Quebec historians take the field

Re-enactments - We've been denied a valuable lesson - Desmond Morton

1759-2009 - point de vue anglo-saxon

Desmond Morton of McGill says we missed an opportunity to portray the valour of militiamen in New France. Photograph by: Gazette files, Gazette files
Battle re-enactments like the Plains of Abraham event that was cancelled last week generally fail to teach people very much about history, one of Canada's leading historians says.
But a faithful recreation of the battle would at least have had the merit of drawing a sharp distinction between the way the French army fought vs. the way the local Canadien militiamen fought, says Desmond Morton of Montreal.
"The French army took to its heels, but the militia did not," said Morton, a professor of history at McGill University and a former director of the McGill Institute for the Study of Canada.
"And so rather than draw attention to this rather courageous stance, we've been denied it." Like other historians, Morton watched with fascination last week as the National Battlefields Commission cancelled plans to stage a 250th-anniversary re-enactment of the battle associated with the fall of New France.
While original news reports blamed threats from separatist splinter groups for the cancellation, it has since become clear that there was broader public ambivalence about the wisdom of the idea in the first place.
Some of the earliest opposition, in fact, came from historians themselves.
Three of Quebec's most prominent francophone historians - Jacques Lacoursière, Denis Vaugeois and Guy Vandeboncoeur - complained directly to the National Battlefields Commission about a promotional brochure that was finally the subject of a public recall on Jan. 26.
Rather than portray the event as an objective retrospective, the marketing brochure gave the impression that a jovial celebration was being planned.
Various pictures and captions suggested that a light-hearted musical comedy was in the works.
"The negative first impressions created by this brochure created a backlash that organizers couldn't overcome," Lacoursière said.
"The problem came to be the way the event was perceived," said Denis Vaugeois, president of Les Éditions du Septentrion and a former Parti Québécois cabinet minister.
The whole affair, Vaugeois said, was aggravated by the fact that the Battle of the Plains of Abraham has assumed a mythical status that it doesn't deserve.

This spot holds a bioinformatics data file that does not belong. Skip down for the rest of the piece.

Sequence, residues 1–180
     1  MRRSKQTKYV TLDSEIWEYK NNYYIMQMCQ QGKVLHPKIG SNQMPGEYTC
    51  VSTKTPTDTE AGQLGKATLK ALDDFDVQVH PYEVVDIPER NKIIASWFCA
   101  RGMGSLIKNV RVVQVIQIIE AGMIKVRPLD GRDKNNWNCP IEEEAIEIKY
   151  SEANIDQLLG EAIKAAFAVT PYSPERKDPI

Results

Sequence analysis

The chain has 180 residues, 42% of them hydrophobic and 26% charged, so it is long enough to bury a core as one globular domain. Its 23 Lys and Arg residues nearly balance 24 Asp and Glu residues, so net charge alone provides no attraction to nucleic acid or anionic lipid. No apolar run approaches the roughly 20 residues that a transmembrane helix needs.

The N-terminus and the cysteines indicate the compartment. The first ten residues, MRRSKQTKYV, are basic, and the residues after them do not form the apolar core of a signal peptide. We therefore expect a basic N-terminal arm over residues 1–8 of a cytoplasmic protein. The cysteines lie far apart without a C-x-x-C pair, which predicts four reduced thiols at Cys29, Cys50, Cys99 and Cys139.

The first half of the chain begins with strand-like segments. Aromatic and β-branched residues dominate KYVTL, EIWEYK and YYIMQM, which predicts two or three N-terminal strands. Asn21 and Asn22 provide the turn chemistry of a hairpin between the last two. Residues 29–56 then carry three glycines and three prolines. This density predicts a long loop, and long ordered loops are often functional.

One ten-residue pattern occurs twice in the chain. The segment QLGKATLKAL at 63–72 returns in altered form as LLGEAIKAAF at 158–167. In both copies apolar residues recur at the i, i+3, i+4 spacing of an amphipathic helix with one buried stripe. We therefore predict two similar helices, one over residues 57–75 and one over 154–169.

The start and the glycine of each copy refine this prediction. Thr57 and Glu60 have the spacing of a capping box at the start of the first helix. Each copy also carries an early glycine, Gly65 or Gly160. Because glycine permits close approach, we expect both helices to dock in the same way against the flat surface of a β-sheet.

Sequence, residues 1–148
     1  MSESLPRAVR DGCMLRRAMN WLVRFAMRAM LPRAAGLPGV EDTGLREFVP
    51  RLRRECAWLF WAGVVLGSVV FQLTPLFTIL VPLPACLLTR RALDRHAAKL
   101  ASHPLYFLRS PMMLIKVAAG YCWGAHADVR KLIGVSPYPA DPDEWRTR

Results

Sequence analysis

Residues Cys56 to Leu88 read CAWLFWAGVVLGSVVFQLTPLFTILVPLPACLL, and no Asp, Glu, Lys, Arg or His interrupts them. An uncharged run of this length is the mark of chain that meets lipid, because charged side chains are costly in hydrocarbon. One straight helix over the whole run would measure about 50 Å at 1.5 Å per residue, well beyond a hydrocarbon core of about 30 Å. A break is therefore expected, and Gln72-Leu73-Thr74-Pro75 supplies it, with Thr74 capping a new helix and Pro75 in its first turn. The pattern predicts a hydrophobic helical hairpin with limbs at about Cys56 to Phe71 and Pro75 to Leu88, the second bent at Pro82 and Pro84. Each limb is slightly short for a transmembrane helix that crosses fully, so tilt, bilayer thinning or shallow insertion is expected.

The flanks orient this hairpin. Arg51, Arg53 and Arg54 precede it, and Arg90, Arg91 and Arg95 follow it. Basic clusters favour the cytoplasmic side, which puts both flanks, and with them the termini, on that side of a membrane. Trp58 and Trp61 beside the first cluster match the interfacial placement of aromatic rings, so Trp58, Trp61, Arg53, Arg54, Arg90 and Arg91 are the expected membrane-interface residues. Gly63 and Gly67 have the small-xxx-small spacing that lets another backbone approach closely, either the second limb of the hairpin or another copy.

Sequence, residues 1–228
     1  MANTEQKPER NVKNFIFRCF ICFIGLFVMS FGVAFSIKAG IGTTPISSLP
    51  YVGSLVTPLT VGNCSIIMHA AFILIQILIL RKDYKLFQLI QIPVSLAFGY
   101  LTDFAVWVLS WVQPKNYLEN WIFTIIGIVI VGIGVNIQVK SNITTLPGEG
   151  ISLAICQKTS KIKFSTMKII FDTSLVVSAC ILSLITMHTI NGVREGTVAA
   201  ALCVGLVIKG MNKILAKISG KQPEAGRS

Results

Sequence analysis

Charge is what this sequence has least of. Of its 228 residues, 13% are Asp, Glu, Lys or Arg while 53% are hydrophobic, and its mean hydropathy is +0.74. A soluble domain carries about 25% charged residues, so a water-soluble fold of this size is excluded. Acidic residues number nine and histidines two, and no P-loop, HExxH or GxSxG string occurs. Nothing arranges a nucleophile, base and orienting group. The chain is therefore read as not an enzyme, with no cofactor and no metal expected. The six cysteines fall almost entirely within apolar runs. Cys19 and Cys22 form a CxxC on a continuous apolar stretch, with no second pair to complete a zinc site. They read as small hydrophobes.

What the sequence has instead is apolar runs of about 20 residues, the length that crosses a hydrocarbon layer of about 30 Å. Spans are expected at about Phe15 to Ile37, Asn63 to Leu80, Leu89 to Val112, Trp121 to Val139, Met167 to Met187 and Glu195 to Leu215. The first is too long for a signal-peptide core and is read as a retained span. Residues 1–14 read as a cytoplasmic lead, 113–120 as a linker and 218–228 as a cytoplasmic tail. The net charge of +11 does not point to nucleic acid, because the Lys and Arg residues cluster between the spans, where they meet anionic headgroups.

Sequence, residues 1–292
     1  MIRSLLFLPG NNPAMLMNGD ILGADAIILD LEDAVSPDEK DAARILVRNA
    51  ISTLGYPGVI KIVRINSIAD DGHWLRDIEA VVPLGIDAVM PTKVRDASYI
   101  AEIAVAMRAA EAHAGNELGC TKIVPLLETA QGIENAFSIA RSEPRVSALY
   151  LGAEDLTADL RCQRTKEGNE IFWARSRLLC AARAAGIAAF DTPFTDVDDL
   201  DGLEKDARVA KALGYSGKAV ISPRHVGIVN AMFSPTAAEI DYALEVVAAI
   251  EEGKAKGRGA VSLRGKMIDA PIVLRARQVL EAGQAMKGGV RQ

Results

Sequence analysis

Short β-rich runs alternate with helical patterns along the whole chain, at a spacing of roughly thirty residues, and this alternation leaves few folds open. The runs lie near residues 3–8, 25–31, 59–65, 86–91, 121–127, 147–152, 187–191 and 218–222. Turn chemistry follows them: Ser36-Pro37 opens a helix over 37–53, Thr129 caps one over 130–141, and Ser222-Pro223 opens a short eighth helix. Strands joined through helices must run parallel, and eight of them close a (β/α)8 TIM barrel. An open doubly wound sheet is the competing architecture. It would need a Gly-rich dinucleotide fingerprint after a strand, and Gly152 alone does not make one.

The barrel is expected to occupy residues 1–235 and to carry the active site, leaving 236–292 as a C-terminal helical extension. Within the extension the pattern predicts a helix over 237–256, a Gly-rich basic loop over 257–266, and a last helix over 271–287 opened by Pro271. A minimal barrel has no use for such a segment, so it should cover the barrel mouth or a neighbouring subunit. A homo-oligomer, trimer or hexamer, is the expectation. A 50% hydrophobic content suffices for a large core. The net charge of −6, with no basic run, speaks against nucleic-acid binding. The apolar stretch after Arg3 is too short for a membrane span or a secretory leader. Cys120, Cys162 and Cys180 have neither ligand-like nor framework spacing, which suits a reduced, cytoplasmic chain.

Part of the larger Seven Years War involving European powers, the battle itself wasn't what caused the fall of New France, according to Vaugeois.
The following spring, there was a repeat engagement, the Battle of Ste. Foy, which the French side won, Vaugeois noted. But when British rather than French ships subsequently sailed up the St. Lawrence River with reinforcements, it was over for the French.
But even if the French side had prevailed, Vaugeois said, it doesn't mean that New France would have survived.
France had lost interest in New France, he said. In the backroom political horsetrading that produced the Treaty of Paris in 1763, Britain gave France the option of taking back New France; but France declined, choosing instead to take back Guadeloupe, Martinique and St. Lucia.
Vaugeois said it makes more pedagogical sense to re-enact the Treaty of Paris negotiations than the Battle of the Plains of Abraham.
Morton, who was commissioned last year to write an account of the battle for The Beaver, a Canadian magazine, said battle re-enactments "tend to be somewhat working class in their sociology, which is one reason that led me to believe that the attack on this particular re-enactment was snobbish, among other things." Still, Morton said, most re-enactments fail on the pedagogical side of things because the uniforms and drums and gunfire tend to overshadow everything else.
"I've always seen this as an economic issue for Quebec City," Morton said.
"I think this whole re-enactment idea was really about filling hotel rooms that they managed to get filled last year for the 400th birthday celebrations and now won't manage to get filled this year." djohnston@

Laissez un commentaire

Aucun commentaire trouvé